But it took a lot of work to make those protests possible. Since the beginning of the protests, Kennard Williams had gone through legal observer training, street medic training, and nonviolent civil disobedience training. Those skills allowed him to play many different roles at different actions, from being prepared when the chemical weapons came out to keeping track of people who got snatched up to organizing actions like the one at City Hall. The Ferguson protesters eventually won a court order preventing police from using tear gas without making a declaration of an illegal assembly and giving the protesters enough time to disperse—this came after the night when it was announced that Darren Wilson, the police officer who shot Brown, would not be indicted for the killing4655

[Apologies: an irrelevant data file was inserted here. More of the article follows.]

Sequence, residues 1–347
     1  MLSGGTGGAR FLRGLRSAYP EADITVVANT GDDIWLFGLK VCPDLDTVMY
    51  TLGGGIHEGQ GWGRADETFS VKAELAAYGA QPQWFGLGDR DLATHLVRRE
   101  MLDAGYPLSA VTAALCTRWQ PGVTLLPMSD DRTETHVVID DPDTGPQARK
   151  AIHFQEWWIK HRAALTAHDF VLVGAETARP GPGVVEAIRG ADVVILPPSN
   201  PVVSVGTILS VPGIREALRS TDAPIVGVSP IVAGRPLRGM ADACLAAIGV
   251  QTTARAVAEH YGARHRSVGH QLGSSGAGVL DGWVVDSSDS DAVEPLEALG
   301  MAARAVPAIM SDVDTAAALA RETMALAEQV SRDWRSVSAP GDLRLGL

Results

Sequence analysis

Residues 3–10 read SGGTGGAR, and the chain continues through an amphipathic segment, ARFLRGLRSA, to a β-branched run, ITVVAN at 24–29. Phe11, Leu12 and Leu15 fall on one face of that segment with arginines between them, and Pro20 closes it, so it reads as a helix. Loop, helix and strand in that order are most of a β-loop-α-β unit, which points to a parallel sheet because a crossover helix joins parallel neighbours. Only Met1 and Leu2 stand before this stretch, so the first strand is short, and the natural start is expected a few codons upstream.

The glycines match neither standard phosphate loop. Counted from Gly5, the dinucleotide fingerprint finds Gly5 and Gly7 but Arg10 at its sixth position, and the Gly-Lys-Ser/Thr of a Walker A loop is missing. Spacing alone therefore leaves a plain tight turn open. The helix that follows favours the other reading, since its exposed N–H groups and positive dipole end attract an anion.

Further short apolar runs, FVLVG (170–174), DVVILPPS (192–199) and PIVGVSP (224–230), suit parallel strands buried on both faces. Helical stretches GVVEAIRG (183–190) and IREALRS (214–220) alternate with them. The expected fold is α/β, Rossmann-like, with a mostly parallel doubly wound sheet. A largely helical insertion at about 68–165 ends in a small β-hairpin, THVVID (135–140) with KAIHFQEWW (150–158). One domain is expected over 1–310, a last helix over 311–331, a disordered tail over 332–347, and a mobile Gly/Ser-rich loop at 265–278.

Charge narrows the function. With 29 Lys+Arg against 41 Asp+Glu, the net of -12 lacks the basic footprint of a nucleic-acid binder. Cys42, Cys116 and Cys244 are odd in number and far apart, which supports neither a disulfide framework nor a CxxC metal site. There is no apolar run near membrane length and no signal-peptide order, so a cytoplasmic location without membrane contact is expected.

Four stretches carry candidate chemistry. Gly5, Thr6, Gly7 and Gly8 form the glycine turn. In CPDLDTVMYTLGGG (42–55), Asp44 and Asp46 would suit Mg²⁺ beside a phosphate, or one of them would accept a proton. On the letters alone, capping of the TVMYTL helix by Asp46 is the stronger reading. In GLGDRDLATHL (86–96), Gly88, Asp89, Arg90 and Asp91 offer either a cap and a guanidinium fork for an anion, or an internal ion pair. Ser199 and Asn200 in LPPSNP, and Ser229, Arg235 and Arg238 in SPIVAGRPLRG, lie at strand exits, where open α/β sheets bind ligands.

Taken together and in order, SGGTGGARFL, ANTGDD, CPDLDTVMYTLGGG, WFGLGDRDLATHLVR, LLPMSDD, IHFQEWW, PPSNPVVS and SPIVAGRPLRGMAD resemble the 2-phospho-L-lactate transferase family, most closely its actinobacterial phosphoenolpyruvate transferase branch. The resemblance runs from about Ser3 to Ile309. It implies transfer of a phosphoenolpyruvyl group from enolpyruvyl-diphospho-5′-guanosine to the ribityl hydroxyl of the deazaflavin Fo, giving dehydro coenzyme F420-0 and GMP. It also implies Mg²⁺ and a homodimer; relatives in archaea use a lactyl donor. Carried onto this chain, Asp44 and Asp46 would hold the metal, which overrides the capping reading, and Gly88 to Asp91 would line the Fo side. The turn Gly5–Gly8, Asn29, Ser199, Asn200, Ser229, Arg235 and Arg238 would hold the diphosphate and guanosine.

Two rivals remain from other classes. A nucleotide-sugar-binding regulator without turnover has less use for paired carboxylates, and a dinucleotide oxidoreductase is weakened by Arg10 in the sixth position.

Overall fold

Yotam Marom had been considering how to move forward after Occupy Wall Street when Sandy hit and wiped out his own New Jersey apartment. When he was able to leave, he began to do political trainings to help volunteers understand the communities they would be walking into and to give the people in the hardest-hit communities some answers for why the system was failing them. Occupy Wall Street had been in the center of the richest part of New York City, but Sandy brought the organizers to the communities that had already experienced the worst of capitalism’s crises—unemployment, foreclosure, homelessness, incarceration, and untreated illness. Political organizing in that space took on a different tenor. “An organized community is a resilient community,” Andy Smith said. “An organized community responds to disasters of all types. Organizing is where folks in the community learn how to take actionable steps against climate change, which is an incredibly complex undertaking.”4924